OLYMPUS DIGITAL CAMERAThe Midoricho Park (緑町公園) where Sumida Hokusai Museum is erected, is also the birthplace of Katsushika Hokusai (葛飾 北斎).

OLYMPUS DIGITAL CAMERASejima’s building immediately became a cultural icon in the rather low key residential neighborhood.  The building provides an interesting backdrop for the community play area of Midoricho Park.

OLYMPUS DIGITAL CAMERAThe building scale and the facade’s level of reflectiveness express a certain degree of novelty without creating an overwhelming impact to the surrounding context.

04The cave like slit at each of the four sides provides a prominent entrance gateway at each side.

05The reflectivity of the museum’s metal cladding is right on.

06Everything on the facade is clean and minimal.

07We walked to the main entrance via one of the triangular opening on the facade.

08The facets of the glass panes and the reflections of the outside offer a unique entrance experience.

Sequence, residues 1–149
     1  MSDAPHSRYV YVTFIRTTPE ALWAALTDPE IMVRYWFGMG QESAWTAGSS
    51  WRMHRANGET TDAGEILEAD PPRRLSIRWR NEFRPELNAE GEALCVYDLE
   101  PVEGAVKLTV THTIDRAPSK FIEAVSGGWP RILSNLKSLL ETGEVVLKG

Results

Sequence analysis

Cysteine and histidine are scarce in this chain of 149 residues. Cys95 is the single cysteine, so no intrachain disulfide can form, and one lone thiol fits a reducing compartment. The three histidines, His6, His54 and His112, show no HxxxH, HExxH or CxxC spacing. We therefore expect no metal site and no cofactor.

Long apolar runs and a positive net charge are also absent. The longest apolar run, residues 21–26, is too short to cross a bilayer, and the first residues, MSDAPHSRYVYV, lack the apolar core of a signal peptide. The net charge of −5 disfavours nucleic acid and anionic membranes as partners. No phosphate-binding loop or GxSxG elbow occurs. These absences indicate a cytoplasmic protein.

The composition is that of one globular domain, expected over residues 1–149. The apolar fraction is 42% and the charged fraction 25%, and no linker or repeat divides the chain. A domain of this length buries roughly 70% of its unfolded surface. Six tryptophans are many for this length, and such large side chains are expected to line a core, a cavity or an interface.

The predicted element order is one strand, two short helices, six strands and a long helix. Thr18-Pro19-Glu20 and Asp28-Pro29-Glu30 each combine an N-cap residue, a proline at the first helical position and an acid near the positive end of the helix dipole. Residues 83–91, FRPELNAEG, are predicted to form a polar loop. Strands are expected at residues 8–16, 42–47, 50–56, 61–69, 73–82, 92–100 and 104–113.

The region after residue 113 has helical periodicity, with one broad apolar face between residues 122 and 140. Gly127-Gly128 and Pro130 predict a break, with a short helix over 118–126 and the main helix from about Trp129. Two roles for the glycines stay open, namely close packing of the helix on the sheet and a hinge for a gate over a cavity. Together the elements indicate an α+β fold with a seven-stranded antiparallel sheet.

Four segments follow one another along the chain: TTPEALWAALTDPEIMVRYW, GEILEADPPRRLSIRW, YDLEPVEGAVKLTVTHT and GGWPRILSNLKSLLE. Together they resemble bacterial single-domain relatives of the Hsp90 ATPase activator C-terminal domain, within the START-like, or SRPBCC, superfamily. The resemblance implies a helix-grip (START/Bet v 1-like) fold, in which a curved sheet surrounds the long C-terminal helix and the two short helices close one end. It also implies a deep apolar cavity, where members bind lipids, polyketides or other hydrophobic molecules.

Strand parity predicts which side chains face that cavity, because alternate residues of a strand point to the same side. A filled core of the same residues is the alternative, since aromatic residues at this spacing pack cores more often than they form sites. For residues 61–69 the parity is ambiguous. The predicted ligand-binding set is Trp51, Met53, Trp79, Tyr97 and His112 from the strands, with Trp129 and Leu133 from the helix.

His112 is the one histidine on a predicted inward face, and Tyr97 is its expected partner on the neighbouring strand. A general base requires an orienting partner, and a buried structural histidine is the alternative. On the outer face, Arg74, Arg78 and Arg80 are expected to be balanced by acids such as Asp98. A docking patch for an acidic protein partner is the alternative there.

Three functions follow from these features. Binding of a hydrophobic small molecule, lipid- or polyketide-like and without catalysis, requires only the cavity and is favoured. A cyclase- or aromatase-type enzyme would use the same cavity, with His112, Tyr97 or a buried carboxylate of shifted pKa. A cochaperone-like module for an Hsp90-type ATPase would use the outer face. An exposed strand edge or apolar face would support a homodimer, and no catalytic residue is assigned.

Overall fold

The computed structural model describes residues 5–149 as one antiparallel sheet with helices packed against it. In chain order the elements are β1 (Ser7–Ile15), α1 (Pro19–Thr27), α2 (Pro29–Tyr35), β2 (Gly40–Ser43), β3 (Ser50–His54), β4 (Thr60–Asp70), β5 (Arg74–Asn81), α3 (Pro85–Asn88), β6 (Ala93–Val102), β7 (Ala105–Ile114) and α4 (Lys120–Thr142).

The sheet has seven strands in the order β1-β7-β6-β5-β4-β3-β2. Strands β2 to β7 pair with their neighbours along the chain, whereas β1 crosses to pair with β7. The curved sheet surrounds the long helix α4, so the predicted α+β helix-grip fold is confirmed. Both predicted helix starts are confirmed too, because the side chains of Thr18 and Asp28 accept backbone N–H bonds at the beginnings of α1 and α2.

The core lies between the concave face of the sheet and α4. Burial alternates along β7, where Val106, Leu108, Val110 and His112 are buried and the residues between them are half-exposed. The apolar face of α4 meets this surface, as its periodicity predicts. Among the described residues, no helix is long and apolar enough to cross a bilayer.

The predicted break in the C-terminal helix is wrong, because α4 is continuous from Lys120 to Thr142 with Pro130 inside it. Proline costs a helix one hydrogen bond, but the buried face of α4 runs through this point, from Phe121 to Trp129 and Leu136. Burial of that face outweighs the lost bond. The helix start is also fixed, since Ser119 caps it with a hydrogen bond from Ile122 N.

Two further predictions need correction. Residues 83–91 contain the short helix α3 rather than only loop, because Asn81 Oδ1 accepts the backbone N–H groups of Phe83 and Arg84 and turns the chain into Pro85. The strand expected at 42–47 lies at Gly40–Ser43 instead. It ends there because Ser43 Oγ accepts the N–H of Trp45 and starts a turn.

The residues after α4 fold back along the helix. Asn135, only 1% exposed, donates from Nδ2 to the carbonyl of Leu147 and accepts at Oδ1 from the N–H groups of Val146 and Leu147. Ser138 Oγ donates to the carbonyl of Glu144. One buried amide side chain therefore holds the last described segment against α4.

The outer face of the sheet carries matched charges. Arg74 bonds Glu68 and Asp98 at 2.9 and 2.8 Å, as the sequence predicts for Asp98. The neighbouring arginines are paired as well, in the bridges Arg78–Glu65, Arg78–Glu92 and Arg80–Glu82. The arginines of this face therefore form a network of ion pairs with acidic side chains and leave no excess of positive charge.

09The detailing of the triangular opening is once again clean and minimal.

OLYMPUS DIGITAL CAMERAThe angular aspects of the architecture is carried through into the interior.

11The washroom on the ground floor is a cute little cube at the lobby.

OLYMPUS DIGITAL CAMERABeside Sejima’ architecture, the works of Katsushika Hokusai (葛飾 北斎) were well worth the admission.

13The exhibition space is not big.  Most of his paintings are hung along the wall.  Artifacts such as books and sketches.

14The most famous works by  Kazuyo Sejima is Thirty-six Views of Mount Fuji (富嶽三十六景 Fugaku Sanjūroku-kei).  A selection of the 36 prints had been put on display.

15The Great Wave off Kanagawa is perhaps the most well known image by Katsushika Hokusai.

OLYMPUS DIGITAL CAMERASome of the final works by Katsushika Hokusai are also on display.

17A wax display depicting the studio of Katsushika Hokusai (葛飾 北斎) and his daughter back in the Edo Period.

18Outside of the exhibition area, there is a seating area with great views towards the Sky Tree.


ART, ARCHITECTURE + NATURE, Hiroshi Senju Museum (千住博美術館), Karuizawa (軽井沢) , Japan